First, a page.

The 1950s was a time when architecture, design and theories were contested as people felt that the post war era should embrace mass culture and the advance technologies. Prior to the Second World War American designers looked to Europe for their inspiration and style, however Eames was the first designer to work in a specifically American style. Eames invented a method for bending plywood into complicated curves.
A founder of feminine post war design was Christian Dior. The creator of the new look fashions emphasised the hourglass figure of the female by focusing on a pronounced bust, a slender waistline and curvaceous hips.
By 1950 millions of Second World War veterans had married and settled down in suburbia. Women were expected to stay home and take care of the children, while the husband earned enough money to support the family. The 1950s mother belonged in the kitchen. Her duty was to serve her family only the highest quality foods.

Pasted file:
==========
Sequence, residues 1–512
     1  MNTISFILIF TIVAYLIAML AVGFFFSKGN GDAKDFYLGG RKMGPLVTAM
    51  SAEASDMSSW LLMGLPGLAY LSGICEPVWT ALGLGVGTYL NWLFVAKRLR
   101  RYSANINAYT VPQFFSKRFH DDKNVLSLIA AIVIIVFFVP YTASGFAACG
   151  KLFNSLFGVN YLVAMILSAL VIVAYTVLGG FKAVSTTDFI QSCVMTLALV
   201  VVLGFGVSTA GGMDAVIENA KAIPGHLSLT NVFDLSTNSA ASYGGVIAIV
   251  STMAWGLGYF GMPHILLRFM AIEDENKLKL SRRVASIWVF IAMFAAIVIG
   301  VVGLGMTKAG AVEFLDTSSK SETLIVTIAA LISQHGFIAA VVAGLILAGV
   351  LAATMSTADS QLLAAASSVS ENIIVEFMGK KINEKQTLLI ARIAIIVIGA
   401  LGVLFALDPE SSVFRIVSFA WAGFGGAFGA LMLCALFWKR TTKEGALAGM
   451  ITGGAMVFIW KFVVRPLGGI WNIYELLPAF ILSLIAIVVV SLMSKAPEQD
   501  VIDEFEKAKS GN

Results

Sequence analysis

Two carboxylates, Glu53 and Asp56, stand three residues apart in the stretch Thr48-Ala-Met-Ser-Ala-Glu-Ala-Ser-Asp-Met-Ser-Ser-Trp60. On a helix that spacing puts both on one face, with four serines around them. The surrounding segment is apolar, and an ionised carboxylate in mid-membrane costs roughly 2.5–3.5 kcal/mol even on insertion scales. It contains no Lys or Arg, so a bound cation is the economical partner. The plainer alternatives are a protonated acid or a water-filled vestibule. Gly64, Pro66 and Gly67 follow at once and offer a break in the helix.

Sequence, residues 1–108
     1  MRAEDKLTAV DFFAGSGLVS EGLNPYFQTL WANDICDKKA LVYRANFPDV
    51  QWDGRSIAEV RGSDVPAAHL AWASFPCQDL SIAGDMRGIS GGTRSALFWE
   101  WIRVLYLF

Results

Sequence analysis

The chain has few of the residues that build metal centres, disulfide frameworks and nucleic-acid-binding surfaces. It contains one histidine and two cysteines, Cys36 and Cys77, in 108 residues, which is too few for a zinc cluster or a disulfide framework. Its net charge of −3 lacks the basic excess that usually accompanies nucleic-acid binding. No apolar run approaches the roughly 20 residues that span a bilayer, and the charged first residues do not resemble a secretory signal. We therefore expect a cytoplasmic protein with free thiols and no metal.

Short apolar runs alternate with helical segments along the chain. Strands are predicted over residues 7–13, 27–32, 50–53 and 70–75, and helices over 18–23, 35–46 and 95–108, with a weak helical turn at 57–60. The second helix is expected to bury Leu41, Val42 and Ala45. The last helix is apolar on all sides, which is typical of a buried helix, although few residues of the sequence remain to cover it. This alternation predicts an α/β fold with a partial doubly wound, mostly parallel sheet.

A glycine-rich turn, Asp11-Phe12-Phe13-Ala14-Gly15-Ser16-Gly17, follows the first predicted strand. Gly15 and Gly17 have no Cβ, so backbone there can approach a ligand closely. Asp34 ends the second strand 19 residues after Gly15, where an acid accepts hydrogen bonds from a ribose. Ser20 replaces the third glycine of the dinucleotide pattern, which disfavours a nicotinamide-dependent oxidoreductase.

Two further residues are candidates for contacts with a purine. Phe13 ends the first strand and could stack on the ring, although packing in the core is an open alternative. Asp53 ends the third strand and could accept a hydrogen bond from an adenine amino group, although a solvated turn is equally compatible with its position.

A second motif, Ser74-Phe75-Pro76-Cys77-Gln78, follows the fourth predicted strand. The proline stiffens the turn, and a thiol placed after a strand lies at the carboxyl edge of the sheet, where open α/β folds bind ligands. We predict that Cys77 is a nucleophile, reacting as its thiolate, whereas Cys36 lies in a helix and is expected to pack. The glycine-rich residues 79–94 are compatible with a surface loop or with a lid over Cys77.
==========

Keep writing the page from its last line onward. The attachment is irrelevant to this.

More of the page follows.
Kitchen and cleaning appliances like washing machines and fridges were advertised as being 'every woman's dream'. Women accepted their place in the kitchen and looked for ways to make their lives in the kitchen easier, since having ample leisure time was a symbol of high society. The feminine taste became extremely important in the marketplace with the mass production of new colours and patterns and contemporary style. It was the first time women could identify with the material culture.
The 1950s saw a consumer boom across Europe and the United States. There was a growth of interest in goods made of modern material, which were signs of a new lifestyle. "Architecture and design benefited from new applications of wartime research, from state-of-the-art materials and methods of construction. New materials such as plastic laminates, fibreglass and latex foam shaped the look of...